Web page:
Perl6::Caller(3) OO caller() interface


Version 0.04


use Perl6::Caller;
my $sub = caller->subroutine;
my $line_number = caller->line;
my $is_require = caller(3)->is_require;



 # standard usage
 print "In ",           caller->subroutine,
       " called from ", caller->file,
       " line ",        caller->line;
 # get a caller object
 my $caller = caller;
 my $caller = caller();   # same thing
 # get a caller object for a different stack from
 my $caller = caller(2);  # two stack frames up
 print $caller->package;  # prints the package name
 # enjoy the original flavor
 my @caller = caller;     # original caller behavior
 print $caller[0],        # prints the package name


This module is experimental. It's also alpha. Bug reports and patches welcome.

By default, this module exports the "caller" function. This automatically returns a new "caller" object. An optional argument specifies how many stack frames back to skip, just like the "CORE::caller" function. This lets you do things like this:

 print "In ",           caller->subroutine,
       " called from ", caller->file,
       " line ",        caller->line;

If you do not wish the "caller" function imported, specify an empty import list and instantiate a new "Perl6::Caller" object.

 use Perl6::Caller ();
 my $caller = Perl6::Caller->new;
 print $caller->line;

Note: if the results from the module seem strange, please read perldoc -s caller carefully. It has stranger behavior than you might be aware.


The following methods are available on the "caller" object. They return the same values as documented in perldoc -f caller.

There are no "hints" and "bitmask" methods because those are documented as for internal use only.

  • "package"
  • "filename"
  • "line"
  • "subroutine"
  • "hasargs"
  • "wantarray"
  • "evaltext"
  • "is_require"

Note that each of these values will report correctly for when the caller object was created. For example, the following will probably print different line numbers:

 print caller->line;
 sub foo { 
    print caller->line;

However, the following will print the same line numbers:

 my $caller = Perl6::Caller->new;   # everything is relative to here
 print $caller->line;
 sub foo { 
    my $caller = shift;
    print $caller->line;


Most of the time, this package should just work and not interfere with anything else.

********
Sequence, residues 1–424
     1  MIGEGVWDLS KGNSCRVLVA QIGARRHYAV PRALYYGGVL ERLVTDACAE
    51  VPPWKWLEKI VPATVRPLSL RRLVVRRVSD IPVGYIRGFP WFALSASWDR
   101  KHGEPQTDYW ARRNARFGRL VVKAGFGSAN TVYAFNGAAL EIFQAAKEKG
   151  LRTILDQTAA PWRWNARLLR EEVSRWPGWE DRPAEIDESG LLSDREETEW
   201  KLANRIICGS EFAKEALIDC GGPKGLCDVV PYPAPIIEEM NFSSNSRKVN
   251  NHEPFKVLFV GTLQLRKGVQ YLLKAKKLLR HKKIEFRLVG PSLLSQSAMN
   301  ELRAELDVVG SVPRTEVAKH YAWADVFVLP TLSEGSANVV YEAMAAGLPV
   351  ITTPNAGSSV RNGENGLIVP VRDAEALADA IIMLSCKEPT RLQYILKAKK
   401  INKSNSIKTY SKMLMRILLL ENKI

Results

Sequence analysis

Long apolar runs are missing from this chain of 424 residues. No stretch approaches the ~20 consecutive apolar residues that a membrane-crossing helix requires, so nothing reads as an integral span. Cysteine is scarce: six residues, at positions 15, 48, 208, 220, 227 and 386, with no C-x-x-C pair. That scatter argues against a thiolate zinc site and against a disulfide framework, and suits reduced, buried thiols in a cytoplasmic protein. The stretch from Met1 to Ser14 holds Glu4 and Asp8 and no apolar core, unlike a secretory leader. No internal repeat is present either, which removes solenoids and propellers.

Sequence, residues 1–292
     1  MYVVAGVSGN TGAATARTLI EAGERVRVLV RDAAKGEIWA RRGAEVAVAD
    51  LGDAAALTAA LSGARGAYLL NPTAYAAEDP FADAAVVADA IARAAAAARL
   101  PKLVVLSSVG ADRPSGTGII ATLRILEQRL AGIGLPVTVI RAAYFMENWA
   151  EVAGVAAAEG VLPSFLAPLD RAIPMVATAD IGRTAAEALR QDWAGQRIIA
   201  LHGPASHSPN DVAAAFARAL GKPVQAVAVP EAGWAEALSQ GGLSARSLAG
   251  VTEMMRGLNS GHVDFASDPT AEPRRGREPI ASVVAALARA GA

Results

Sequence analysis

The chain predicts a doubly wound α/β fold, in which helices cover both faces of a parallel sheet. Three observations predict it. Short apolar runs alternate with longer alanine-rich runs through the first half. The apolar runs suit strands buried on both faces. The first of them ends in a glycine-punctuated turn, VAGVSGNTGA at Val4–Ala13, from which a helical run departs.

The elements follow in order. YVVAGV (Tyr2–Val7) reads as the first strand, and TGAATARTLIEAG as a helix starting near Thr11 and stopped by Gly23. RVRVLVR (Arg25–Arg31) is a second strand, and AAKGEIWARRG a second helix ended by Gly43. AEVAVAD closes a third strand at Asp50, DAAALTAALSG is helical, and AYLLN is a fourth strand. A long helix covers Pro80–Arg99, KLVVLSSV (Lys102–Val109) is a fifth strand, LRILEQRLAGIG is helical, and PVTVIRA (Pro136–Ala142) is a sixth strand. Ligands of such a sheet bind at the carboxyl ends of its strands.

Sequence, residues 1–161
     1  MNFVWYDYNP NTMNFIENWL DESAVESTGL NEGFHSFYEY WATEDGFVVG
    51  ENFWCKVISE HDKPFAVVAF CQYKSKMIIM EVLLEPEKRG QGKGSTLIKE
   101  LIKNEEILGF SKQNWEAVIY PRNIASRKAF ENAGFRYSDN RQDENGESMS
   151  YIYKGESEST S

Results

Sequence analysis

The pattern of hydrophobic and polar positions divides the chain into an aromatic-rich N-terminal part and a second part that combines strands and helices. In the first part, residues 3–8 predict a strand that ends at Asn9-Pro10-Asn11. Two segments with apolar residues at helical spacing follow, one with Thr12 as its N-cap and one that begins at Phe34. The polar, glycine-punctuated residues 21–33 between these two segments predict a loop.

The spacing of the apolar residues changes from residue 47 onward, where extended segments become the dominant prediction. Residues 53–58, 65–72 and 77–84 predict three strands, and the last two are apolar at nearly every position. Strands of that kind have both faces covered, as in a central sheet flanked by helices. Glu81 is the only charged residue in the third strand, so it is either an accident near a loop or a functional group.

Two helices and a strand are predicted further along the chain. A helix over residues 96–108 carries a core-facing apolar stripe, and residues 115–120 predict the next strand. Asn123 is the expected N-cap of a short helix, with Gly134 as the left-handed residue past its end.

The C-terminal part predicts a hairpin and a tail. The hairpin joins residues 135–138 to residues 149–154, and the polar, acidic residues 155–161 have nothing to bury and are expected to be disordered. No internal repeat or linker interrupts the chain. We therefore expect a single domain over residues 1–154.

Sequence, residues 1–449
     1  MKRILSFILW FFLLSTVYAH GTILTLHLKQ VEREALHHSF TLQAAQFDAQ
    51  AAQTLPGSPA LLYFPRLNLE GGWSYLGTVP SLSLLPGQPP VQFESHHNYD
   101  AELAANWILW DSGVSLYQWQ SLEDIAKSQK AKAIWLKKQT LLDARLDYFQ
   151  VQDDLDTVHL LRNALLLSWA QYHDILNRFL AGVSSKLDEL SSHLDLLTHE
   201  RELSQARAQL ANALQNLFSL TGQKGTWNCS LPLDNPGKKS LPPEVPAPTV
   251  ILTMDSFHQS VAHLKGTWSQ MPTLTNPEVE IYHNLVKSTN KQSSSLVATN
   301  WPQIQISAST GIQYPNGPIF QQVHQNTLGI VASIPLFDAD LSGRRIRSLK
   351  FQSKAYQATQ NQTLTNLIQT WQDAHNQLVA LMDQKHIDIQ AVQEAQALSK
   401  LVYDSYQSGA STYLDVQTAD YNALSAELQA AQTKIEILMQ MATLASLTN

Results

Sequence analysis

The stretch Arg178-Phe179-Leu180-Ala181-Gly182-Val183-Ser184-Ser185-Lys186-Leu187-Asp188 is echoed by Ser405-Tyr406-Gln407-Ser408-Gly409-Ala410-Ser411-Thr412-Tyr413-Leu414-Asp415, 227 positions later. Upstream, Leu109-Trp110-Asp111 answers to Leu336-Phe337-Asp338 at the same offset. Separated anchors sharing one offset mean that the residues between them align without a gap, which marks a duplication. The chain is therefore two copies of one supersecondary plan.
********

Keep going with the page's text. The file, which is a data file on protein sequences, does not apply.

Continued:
• $hints, $bitmask

    'hints' and 'bitmask' are not available. They are documented to be for internal use only and should not be relied upon. Further, the bitmask caused strange test failures, so I opted not to include them.

  • Subclassing


  • Perl 6

    I'm not entirely comfortable with the namespace. The Perl 6 caller actually does considerably more, but for me to have a hope of working that in, I need proper introspection and I don't have that. Thus, I've settled for simply having a caller object.

  • *CORE::GLOBAL::caller

    I didn't implement this, though I was tempted. It turns out to be a bit tricky in spots and I'm very concerned about globally overriding behavior. I might change my mind in the future if there's enough demand.

  • Overloading

    In string context, this returns the package name. This is to support the original "caller" behavior.

  • List Context

    In list context, we simply default to the original behavior of "CORE::caller". However, this always assumes we've called caller with an argument. Calling "caller" and caller(0) are identical with this module. It's difficult to avoid since the stack frame changes.


Curtis ``Ovid'' Poe, "<[email protected]>"


Thanks to "phaylon" for helping me revisit a bad design issue with this.


Please report any bugs or feature requests to "[email protected]", or through the web interface at <>. I will be notified, and then you'll automatically be notified of progress on your bug as I make changes.



Copyright 2007 Curtis ``Ovid'' Poe, all rights reserved.

This program is free software; you can redistribute it and/or modify it under the same terms as Perl itself.